It’s been a pretty mild winter here in New England – compared to what we are accustomed to. While we feel for the ski resorts, snow removal companies, and anyone else that makes a living off cold and snow, we are really enjoying not wearing mittens, a winter coat, and a hat! The folks in New England can even take a February hike – when was the last time you heard that? In January, some of our technicians ate their lunch outside in t-shirts!
What does an unusually mild and warm winter mean for us in the spring? When it comes to pests, it will mean more of them. The cold weather in a normal New England winter is tough for bugs to live through. Most of them just aren’t made to endure it. That “die off” time is necessary to control the pest population. It’s all a part of nature. When the temperatures stay mild for much of the season, the pest population increases in the spring. Mosquito eggs tend to last the winter unless temperatures plummet unexpectedly, but the real activity begins when they hatch in spring. A mild winter means that mosquitoes hatch earlier with more sources of moisture, so they can go through more generations beginning in spring and become an even worse problem in late summer. We spoke to Board Certified Entomologist, Hope Bowman. She noted that in addition to mosquitoes, there are plenty of other pests that benefit from a warmer winter season. She said to be on the watch for “flies, ticks, and rodents like rats and mice.”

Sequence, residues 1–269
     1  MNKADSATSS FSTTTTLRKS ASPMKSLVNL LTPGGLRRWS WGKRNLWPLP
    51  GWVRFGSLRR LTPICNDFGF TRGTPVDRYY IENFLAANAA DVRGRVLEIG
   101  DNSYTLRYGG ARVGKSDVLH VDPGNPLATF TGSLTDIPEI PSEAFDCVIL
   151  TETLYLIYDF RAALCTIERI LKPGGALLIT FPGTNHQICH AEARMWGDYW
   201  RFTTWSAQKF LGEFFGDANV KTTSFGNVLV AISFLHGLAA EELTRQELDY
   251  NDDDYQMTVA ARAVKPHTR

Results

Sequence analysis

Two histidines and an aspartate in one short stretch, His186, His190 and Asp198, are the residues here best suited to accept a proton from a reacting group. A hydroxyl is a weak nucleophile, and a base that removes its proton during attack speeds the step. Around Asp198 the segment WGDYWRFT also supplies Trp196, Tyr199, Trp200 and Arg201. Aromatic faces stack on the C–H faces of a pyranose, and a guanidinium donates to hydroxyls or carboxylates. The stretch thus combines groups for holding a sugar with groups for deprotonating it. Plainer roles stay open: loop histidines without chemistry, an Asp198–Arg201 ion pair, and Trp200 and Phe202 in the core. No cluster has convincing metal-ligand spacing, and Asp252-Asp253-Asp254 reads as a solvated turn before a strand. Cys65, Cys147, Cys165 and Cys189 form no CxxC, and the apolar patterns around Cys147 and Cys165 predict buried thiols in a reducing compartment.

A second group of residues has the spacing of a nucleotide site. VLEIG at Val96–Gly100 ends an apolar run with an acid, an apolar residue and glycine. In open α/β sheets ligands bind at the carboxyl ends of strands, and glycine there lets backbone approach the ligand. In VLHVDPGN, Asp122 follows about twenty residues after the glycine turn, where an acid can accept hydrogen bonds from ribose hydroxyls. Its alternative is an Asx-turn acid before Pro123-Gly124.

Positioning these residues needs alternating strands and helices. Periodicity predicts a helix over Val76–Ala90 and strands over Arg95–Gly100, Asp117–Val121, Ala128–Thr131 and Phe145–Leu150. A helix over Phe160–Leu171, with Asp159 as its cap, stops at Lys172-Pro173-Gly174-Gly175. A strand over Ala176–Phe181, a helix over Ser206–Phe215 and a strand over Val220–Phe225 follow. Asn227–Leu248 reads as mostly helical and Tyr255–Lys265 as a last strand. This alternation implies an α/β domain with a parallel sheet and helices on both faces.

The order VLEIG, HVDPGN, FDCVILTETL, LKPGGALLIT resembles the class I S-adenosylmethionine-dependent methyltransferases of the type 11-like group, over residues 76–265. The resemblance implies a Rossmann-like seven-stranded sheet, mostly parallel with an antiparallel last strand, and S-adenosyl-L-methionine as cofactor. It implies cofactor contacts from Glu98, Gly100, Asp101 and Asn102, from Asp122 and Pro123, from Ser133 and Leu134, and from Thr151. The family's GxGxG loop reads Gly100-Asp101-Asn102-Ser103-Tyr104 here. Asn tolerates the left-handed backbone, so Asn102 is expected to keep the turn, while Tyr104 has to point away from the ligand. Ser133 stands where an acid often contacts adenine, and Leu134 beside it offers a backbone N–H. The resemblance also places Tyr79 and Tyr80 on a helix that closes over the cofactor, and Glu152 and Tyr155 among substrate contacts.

The milder weather also means an abundance of the pests’ food sources that are usually dead or just covered by snow. If you’ve seen the confused snowdrops in your yard, this fact makes sense. That means that many insects will have early access to plenty of food, allowing them to survive and form new colonies more quickly.
Warmer temperatures can encourage insects to push into homes, attack vulnerable wood or soil, and infest the spring trees and plants that are starting to bud early. Also keep in mind that mild winters make it easier for fungi and other destructive growths to form, so your trees and garden may be endangered by more than just some eager bugs.
Pests like ticks can also be waking up early – and probably a little confused. So, while you’re enjoying the milder weather by going on a February hike, don’t forget that they may be out there, too. And, of course, they bring with them all the same dangers when it’s cold out like Lyme disease. Bowman noted, “Ticks can become active whenever temperatures rise above freezing. Always follow CDC guidelines to protect yourself from tick bites and perform thorough tick checks after spending time outdoors. Don’t forget your pets!” Use caution in areas with brush and tall grass, as well as the transition between grass and wooded areas in your yard, at the park, and in the forest or on the trails. Consider adding flea and tick control to your pest services earlier than you normally would. And no matter where you are outdoors, limit exposed skin, use an appropriate repellant, and check for ticks to be safe. Bowman also said, “In addition to ticks, we have also been seeing beetles like lady bugs as well as stink bugs, boxelder bugs, and Western conifer seed bugs earlier than normal in the area.”
The milder winter in the New England states like Massachusetts, Vermont, Rhode Island, Maine, and Connecticut has been a nice change this year! Just keep in mind there are consequences for all of it, but having the knowledge helps us all be ready.